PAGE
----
Electric vehicles have received a lot of press over the past few months. This furore has even led some to suggest that EVs are more efficient than food powered humans riding bicycles.

So we at Bristol Cycling have put together an unapologetically technical article in an attempt to shed some light on this.

Why does energy matter?

For starters, energy, whether it is petrol, electricity or food costs money. We are also burning our way through 2 billion years worth of accumulated energy reserves at a rate of knots. A by-product of this is CO2, NOx and other pollutants that we are all familiar with. Even the renewable fuel: food is taking its toll on the environment. The less energy we use, the fewer emissions we generate and the easier it will be to meet our demands using cleaner technologies.

Using less energy also generally equates to less noise, reducing stress levels and smaller, lighter vehicles mean less damage to our roads and infrastructure, saving us all money.

One journey of 10km – 3 different modes

For absolute comparison, let’s assume a 10km journey, undertaken without stopping, on a flat stretch of road at a steady 30mph for cars and 12mph for bicycles. The working out is at the bottom of the article.

So let’s cut to the chase:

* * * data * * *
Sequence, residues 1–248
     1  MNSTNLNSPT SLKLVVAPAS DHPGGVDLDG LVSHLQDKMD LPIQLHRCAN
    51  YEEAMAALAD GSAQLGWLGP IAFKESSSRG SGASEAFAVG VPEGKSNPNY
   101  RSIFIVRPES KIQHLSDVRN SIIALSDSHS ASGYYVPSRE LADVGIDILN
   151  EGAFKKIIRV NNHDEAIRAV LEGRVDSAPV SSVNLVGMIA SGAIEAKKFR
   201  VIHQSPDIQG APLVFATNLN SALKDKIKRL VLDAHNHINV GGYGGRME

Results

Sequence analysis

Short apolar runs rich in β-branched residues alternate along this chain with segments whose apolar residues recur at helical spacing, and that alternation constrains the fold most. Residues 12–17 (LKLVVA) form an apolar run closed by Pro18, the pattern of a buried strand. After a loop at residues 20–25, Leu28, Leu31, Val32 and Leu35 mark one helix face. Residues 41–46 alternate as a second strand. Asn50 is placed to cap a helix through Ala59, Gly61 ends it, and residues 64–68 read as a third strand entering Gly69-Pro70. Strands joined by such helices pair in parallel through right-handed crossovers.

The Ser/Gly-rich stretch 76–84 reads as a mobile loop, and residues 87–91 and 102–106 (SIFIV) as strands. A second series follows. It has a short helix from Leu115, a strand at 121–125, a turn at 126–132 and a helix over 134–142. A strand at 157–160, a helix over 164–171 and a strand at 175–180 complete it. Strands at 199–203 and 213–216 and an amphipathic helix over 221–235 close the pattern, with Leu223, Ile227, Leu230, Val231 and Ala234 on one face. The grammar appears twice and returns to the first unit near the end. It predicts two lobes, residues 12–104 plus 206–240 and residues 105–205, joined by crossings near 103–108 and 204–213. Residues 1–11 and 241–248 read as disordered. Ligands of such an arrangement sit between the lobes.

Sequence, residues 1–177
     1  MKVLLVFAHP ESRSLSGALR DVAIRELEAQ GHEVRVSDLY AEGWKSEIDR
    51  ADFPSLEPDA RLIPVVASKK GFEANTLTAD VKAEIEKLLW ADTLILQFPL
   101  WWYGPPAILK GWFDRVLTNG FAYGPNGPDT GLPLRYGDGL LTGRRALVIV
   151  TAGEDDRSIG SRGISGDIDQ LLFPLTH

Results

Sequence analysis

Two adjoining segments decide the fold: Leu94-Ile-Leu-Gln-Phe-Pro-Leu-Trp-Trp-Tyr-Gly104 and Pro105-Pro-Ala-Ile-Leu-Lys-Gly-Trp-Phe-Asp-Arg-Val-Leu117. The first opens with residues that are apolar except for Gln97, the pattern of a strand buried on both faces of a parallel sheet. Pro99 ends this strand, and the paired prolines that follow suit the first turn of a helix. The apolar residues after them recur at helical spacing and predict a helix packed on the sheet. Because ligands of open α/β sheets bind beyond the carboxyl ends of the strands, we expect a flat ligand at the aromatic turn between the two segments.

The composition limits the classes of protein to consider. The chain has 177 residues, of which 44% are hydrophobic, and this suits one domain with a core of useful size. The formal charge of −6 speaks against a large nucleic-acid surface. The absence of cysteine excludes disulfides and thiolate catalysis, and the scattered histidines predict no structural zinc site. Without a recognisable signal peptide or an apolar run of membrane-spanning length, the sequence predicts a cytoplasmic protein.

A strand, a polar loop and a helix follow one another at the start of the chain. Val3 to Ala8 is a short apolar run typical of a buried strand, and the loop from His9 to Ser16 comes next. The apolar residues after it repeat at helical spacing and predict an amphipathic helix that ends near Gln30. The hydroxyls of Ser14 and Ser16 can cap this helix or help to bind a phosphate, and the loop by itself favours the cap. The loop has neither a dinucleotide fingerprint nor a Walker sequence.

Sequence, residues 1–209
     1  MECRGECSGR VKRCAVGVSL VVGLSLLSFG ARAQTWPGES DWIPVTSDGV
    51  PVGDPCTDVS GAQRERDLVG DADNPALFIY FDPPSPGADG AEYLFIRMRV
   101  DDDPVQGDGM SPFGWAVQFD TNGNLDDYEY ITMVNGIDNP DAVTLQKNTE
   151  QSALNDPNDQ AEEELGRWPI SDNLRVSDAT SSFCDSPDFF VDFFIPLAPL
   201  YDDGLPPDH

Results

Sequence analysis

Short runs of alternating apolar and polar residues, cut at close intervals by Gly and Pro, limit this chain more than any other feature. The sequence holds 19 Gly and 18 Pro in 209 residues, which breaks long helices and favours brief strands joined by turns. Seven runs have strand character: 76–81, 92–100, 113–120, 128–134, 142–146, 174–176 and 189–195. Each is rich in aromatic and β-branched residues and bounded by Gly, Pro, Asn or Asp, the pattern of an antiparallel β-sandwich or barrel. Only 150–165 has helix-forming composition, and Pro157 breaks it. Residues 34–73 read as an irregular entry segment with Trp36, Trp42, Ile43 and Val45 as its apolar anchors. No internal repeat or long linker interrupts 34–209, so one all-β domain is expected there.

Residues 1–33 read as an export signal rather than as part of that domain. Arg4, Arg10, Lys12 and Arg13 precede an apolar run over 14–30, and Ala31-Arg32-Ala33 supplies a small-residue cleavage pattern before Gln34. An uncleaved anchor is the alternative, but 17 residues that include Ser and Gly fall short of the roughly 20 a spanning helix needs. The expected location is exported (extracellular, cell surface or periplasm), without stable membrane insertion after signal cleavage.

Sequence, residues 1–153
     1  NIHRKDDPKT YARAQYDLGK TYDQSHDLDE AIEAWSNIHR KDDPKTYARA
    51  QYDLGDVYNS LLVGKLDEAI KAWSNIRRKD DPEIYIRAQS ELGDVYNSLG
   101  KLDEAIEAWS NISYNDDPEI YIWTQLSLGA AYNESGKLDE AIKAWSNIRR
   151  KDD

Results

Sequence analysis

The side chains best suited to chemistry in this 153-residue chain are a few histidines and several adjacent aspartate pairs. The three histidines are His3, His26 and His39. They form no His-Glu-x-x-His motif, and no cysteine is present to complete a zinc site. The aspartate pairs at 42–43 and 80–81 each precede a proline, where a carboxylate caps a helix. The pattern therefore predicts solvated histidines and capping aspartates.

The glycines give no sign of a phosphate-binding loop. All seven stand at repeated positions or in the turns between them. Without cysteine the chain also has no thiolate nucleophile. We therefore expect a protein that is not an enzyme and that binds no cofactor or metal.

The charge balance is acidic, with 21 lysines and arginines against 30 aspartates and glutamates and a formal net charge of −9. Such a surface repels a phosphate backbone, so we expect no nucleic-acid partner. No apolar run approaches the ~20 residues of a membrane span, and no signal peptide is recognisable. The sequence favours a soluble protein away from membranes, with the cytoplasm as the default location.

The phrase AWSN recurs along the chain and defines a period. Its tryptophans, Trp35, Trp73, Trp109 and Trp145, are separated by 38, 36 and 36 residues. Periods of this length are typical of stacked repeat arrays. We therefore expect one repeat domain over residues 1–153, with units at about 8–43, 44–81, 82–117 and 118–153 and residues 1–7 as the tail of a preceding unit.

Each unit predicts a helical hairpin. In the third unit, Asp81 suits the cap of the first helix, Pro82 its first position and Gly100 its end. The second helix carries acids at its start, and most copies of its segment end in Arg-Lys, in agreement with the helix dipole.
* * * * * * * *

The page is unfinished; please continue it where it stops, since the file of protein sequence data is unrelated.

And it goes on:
Internal Combustion Engine (ICE) Car

The best selling car in the UK is the Nissan Qashqai. The power it needs to maintain 30mph with 1 passenger is around 5.5kW. However, because ICE are at best only 25% efficient, and at 30mph approximately 20% the total power is 26.5 kW (about the same as switching on 10 kettles). The total energy to travel 10km at this speed would be 5.5kWh, around half the average households daily electricity consumption, emitting 1271 grams of CO2.

Filling this car with 4 persons and the total energy rises to 6.12 kWh, but per passenger, it is 1.53 kWh and 354 gCO2e.

Electric Vehicle (EV)

Carry out this same journey in a Tesla Model S and the raw power required to keep it moving at 30mph is actually higher, 7kW, due to the difference in weight (2250kg over the Nissans 1419kg). However, an electric motor is far more efficient than an ICE, converting around 90% of the energy put into it into motion. Total power to maintain 30mph is 7.8kW and total energy to undertake the journey is 1.61 kWh or 385 gCO2e. A significant saving over the ICE.

Putting 4 people in the car increases the total to 1.75 kWh and 752 gCO2e, but per passenger, it is a mere 438 Wh and 188.2 gCO2e using the UK average CO2 grid mix (4300 gCO2 per kWh)

Cyclist

A lone, 76.9 kg cyclist, sitting upright on a hefty 15 kg bicycle traveling at 12mph requires 0.092 kW to maintain this speed. Completing the full 10km needs 0.048 kWh of energy.